Antibiotic-resistant salmonella poses threat to US travellers

Posted: 1st September 2021

Up to 60% of US travellers who contracted salmonella abroad were resistant to fluoroquinolones; a common antibiotic used to treat the condition, US scientists have discovered. The findings highlight the growing threat of drug-resistant germs and the limitations of current antibiotic treatments, researchers have stated.

Salmonella causes 1.35 million infections, 26,500 hospitalisations and 420 deaths every year in the US alone, with many more millions worldwide suffering illness. There are over 2,000 different types of salmonella, a growing number of which are resistant to antibiotics.

Researchers at Washington State University found that 60% of Washington residents infected with the specific strain salmonella Kentucky picked up abroad were resistant to treatment with fluoroquinolones. 

While the risk to the US population remains low, the personal impact of contracting such a resistant infection could be severe, warn researchers. “One, you’re likely not going to recover with antibiotics. Two, you’re going to disturb your normal bacteria in your body, and it can make your infection worse,” said Devendra Shah, an Associate Professor at Washington State University.

The findings raise concerns that such drug-resistant infections could spread rapidly. “Quite frankly, I think we’ve just gotten lucky this drug-resistant type hasn’t popped up in the US yet,” said co-author of the paper Rachel Soltys.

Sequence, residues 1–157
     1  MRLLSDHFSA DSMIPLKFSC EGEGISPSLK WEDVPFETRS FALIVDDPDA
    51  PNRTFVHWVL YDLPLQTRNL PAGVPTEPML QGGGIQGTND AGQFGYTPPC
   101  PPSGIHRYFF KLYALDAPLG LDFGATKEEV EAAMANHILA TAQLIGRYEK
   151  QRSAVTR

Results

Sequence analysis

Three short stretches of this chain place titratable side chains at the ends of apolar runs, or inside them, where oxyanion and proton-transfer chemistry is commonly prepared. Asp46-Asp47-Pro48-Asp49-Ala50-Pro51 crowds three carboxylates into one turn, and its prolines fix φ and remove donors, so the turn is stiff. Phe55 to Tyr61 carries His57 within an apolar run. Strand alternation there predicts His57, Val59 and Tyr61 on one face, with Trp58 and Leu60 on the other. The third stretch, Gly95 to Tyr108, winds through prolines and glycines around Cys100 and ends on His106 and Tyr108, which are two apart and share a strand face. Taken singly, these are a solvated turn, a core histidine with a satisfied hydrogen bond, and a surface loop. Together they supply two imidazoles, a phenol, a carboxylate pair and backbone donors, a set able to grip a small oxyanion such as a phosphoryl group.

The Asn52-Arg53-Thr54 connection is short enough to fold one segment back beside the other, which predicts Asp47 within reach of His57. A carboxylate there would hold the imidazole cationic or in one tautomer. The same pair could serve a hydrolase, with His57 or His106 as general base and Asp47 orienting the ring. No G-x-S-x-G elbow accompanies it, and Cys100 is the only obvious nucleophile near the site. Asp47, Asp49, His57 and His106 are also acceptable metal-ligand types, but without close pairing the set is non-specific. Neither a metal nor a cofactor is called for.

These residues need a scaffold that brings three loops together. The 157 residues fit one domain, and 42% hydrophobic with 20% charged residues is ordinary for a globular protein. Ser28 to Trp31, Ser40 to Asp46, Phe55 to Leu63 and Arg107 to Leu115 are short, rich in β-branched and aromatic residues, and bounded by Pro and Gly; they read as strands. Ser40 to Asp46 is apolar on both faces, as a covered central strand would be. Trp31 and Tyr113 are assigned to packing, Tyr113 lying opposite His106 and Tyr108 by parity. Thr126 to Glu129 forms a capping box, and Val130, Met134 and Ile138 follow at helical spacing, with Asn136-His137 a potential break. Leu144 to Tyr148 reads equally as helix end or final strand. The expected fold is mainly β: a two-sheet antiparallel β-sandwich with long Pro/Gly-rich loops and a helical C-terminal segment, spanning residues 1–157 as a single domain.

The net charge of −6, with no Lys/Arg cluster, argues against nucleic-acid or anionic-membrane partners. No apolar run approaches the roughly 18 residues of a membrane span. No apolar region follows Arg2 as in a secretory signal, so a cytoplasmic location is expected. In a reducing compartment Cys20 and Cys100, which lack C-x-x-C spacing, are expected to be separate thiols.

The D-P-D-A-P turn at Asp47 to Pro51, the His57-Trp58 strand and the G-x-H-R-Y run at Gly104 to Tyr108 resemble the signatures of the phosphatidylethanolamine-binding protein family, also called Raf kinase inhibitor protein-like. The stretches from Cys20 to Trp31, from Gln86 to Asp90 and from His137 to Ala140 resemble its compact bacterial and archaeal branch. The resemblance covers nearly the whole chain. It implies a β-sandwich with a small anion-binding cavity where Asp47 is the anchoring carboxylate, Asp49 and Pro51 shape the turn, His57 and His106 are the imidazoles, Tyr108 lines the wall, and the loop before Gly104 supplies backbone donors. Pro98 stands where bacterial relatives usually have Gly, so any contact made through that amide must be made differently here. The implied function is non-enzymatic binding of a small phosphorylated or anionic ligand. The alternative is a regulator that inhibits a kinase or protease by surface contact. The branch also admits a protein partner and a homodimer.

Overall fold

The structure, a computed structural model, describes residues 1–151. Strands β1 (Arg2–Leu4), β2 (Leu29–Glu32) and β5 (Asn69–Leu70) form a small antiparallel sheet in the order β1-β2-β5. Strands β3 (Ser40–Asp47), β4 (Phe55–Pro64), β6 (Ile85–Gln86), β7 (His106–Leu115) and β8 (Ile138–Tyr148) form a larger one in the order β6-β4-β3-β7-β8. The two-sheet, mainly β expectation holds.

The research is further evidence of the challenges posed by antimicrobial resistance (AMR), the reduction in the effectiveness of antibiotics caused by overprescribing. The more antibiotics we use, the less effective they are – and the greater the likelihood of antibiotic-resistant infections emerging, which could threaten the health and wellbeing of us all.

A recent UK study published in the Lancet Journal of Infectious Diseases concluded that “Although interventions targeting antibiotic use can result in changes in resistance over a short period, they might be insufficient alone to curtail antimicrobial resistance.” 

To stop the rise of drug-resistant infections, such as salmonella, clinicians must reduce the number of antibiotics prescribed – and genetic testing can help.

Biocentaur’s SNPs test is an advanced genetic test that uses a molecular biology technique called quantitative polymerase chain reaction (qPCR) to identify genetic variations called single nucleotide polymorphisms (SNPs) that provide crucial information on how a patient’s body will respond to treatment with drugs, including antibiotics. 

The SNPs test uses information stored in DNA to identify which antibiotics will and won’t be effective. The tests’ results can help clinicians achieve two aims: optimising treatments for better outcomes and reducing unnecessary antibiotic prescriptions. 

You can learn more about our SNPs test and our range of genetic tests here

You can read Washington State University’s press release here

You can read the full paper, Effect of antibiotic stewardship interventions in primary care on antimicrobial resistance of Escherichia coli bacteraemia in England (2013–18): a quasi-experimental, ecological, data linkage study, here

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